KABUL (TCA) — Only economic development may help people get out of poverty and through employment acquire the dignity every person deserves. Afghanistan’s chronic situation matched by the never-ending war and endemic corruption driven by unstable governance and lack of security can be resolved not only with the support of the International community but first and above all by cooperation between Afghanistan and neighboring countries of Central Asia. Here below we are republishing an article from Khaama Press, related to a study conducted by Samuel Hall at the request of the IOM on the potential and opportunities of cross-border trade between Tajikistan and Afghanistan.
The results of a field study, recently conducted in the towns of Khorog and Ishkoshim in Tajikistan and Shegnan and Ishkashim in Afghanistan, indicated that a number of value chains offer potential for short-term scalable interventions which could mutually benefit populations on both sides of the border. “These include the processing of livestock and related products, fruit processing, beekeeping and handicrafts,” the study indicated, “Populations on both sides of the border should be encouraged to share processing facilities.”
Late last year the International Organization for Migration (IOM) Tajikistan signed a contract with Samuel Hall to conduct a study on cross-border economic opportunities in the Gorno-Badakhshan Autonomous Oblast (GBAO) region in Tajikistan and Afghan Badakhshan. The purpose of the study was to identify the needs and the economic potential in border communities on both sides, and point out initiatives with the potential to be scaled up to the benefit of local residents.
Afghanistan and Tajikistan share 1,300 kilometres (810 mile) porous border which is usually threatened by increasing insecurity and armed conflicts. According to international media reports, in March 2016 a Tajik officer and a militant were killed in an armed clash after an armed group crossed into Tajikistan from Afghanistan.
Separated by the Panj River, GBAO in Tajikistan and the north eastern Afghan province of Badakhshan are some of the most remote and destitute areas in the world. The communities living on either side of the border are very similar in terms of ethnic, linguistic and cultural background and they are mutually dependent and isolated from the major commercial centres in their respective countries. The border has separated them geographically and politically rather than culturally. These communities are faced with similar challenges. In addition to security, the population’s concerns are economic hardship, poverty and lack of employment opportunities.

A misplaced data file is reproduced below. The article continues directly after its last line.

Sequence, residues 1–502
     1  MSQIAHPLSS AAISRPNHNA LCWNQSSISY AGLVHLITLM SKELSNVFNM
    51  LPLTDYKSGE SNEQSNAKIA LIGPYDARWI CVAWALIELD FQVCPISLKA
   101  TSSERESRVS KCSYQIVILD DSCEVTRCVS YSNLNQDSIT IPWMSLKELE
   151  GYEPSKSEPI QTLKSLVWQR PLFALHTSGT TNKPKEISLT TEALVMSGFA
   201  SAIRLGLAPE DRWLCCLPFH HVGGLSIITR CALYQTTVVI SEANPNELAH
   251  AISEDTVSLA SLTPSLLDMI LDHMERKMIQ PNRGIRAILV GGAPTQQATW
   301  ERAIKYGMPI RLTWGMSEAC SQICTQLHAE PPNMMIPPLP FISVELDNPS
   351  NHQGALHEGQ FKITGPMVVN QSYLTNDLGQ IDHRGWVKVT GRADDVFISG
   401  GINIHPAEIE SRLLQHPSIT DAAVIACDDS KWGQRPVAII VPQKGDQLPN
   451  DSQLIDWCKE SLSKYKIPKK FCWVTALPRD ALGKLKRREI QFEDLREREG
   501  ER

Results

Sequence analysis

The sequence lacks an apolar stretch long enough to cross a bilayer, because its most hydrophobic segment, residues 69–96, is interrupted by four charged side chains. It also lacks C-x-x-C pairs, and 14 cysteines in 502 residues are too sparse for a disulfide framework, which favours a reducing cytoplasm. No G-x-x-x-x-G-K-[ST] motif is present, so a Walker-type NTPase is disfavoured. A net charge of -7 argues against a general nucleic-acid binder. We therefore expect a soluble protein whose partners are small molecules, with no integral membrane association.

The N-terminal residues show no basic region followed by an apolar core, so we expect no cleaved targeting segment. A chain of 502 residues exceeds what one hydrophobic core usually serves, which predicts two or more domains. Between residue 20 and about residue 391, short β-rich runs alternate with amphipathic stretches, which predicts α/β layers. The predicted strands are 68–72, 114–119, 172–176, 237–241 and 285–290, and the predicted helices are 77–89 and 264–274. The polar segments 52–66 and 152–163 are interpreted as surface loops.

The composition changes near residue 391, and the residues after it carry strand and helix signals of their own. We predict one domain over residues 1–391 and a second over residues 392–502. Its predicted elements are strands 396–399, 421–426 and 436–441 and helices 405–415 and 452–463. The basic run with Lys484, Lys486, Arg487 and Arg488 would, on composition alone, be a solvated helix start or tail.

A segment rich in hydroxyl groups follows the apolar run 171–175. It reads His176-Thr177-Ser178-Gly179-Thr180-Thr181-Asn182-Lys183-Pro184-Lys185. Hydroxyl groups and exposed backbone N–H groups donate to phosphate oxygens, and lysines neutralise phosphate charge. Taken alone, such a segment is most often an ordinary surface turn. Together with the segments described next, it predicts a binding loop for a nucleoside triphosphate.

The study conducted by Samuel Hall was tailored to local knowledge for a diverse array of actors operating in the world’s most challenging environments, showed the populations on both sides of the border are very well educated and that “striving only to provide the target demographic with survival jobs would amount to a missed opportunity.”
The study suggested that the most promising way forward is a learning agenda around agribusiness and the agribusiness value chain should be developed vertically, and planning should [take] into account the future regional evolution in terms of transportation and infrastructure development.
“The value chain should take on a cross-border component through the definition of a “special agriculture zone” where cooperatives could specialise, collaborate and produce output which meets regional and international standards”, the study emphasised. An assessment report prepared by the United Nations Economics and Social Commission for Asia and the Pacific (ESCAP) in 2015 indicated that despite the long common border linking Afghanistan and three of the five Central Asian states (Turkmenistan, Uzbekistan and Tajikistan) trade linkages remain extremely limited.